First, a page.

I’ll be honest, I don’t dream much while I sleep, but I do dream a lot while I am awake. I’d like to think it is more vision casting for my life than daydreaming. I keep a notebook on Evernote dedicated just to these dreams and thoughts. Some of them see the light of day, while others sit and collect dust.
I often think about those dreams and ideas and sometimes it feels as if I’m not seeing an idea clearly but rather a broken reflection of what I’m really aiming for. Those dreams require a bit of wrestling to clear up. They must be worked out in order for them to come to fruition.
I have followed David duChemin for several years now and he has written volumes on the idea of working out your vision (specifically in the realm of creativity and photography). He states, “Our vision is a reflection of who we are, and since who we are is always growing and changing, our vision is a little bit of a moving target.” He further states, “Art, whatever else it also is, is about questions. It’s about exploration.” (from Exploration & Expression)
duChemin gets it right in so many ways and it shouldn’t come as a surprise as he has devoted so much of his time to working these things out in his own life.
So as I work through these dreams in my own life, I look forward to the adventure that awaits. The beauty of the unknown.
Imagine for a second what might be around the corner. For me, the challenge of growing as a photographer and ever flexing my creative muscles is leading me into new and uncharted territory as a photojournalist. I find my skills and my profession ever developing in an ever changing world.
Having dreams is important and it is even more important to work through them, even to see some of them come to fulfillment.
What are you dreaming about?
(another great read on this topic would be Why Your Life Needs a Mission Statement from fastcompany)
Sometimes all you need is a blanket, a beautiful day, and a good book. I love to sit outside and take in the beauty of God’s creation, although my wife and I tend to disagree as to what might qualify as a beautiful day (the cooler weather is my favorite).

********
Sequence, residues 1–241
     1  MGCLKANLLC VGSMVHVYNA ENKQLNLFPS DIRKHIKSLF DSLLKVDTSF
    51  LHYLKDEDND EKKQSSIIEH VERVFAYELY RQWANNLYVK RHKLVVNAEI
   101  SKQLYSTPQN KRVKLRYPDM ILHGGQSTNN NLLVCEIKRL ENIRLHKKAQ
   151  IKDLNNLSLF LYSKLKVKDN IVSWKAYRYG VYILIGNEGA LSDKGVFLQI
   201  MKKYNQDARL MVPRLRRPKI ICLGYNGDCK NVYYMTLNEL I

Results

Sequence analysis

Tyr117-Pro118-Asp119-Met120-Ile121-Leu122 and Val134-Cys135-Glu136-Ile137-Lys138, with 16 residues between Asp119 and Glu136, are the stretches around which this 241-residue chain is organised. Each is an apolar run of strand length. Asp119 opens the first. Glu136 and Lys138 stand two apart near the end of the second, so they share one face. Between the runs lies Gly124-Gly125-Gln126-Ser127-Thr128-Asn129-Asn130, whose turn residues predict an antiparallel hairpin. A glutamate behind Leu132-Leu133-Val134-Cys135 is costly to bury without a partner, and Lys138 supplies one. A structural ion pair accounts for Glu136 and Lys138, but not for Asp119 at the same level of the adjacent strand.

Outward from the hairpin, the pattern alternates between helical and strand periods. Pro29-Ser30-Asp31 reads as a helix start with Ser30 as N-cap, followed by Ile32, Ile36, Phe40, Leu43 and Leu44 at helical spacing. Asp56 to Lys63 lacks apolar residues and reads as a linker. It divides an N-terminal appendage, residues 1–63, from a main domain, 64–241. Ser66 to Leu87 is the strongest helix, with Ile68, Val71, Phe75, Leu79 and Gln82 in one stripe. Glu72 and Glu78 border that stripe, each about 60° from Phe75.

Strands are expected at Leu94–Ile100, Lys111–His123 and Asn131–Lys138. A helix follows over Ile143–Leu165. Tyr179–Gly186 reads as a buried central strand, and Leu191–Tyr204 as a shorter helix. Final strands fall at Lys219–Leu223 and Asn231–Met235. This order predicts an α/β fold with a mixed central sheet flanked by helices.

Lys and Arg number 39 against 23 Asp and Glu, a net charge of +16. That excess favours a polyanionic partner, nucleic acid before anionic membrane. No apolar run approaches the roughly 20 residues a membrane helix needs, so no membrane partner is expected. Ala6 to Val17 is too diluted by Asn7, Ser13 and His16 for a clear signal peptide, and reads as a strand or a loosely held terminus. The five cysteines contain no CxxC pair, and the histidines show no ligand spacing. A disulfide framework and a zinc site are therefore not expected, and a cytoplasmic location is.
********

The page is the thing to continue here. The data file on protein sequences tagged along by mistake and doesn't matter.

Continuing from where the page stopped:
There are magnificent places all around us to go enjoy, we just have to take the time to slow down and set the time aside. Life is too short to be busy all the time, go grab a book, a great cup of coffee and read for the next few hours!
I am a big fan of movies, especially movies with a great story. One of those movies is the recent version of The Secret Life of Walter Mitty. In case you aren’t familiar with the story it stems from a short story published in The New Yorker magazine. James Thurber’s 1939 story introduces the daydreaming adventurer Walter Mitty and follows him as he drifts between reality and fantasy. It’s a great read!
First made into a movie in 1947, it featured the talented Danny Kaye and followed somewhat close to Thurber’s original short story. The latest iteration though takes a little bit more license with the story and creates a beautiful movie that draws the watcher in with its remarkable layers and depth.
There are so many parts to this movie that have drawn me in and enthralled me that I don’t know which ones to even write about here. The principle idea, that a major news/media outlet has to undergo the switch from print to digital and the effect that it will have on the staff, is something that so many journalists across the world can easily identify with. There is quite a shift to go from designing for print vs. the web and to see if played out in a film allows the viewer to ironically (it seems to me) to get lost in a day dream–as Walter Mitty regularly does–where the action seems to be happening without ever really materializing.
As I have watched this movie countless times, I constantly find myself thinking about my own work in visual storytelling. I think about how I might identify with the characters in the movie, the depth of the character development allows you almost to get lost in them and to come out on the other side challenged by them.
I think that is one aspect of a great story, to be drawn in to a depth that you begin to incorporate aspects of the story into your own reality, where they fit. I’m not talking about trying to live someone else’s story, but being challenged to expand your own story deeper to realms you may not have thought were possible.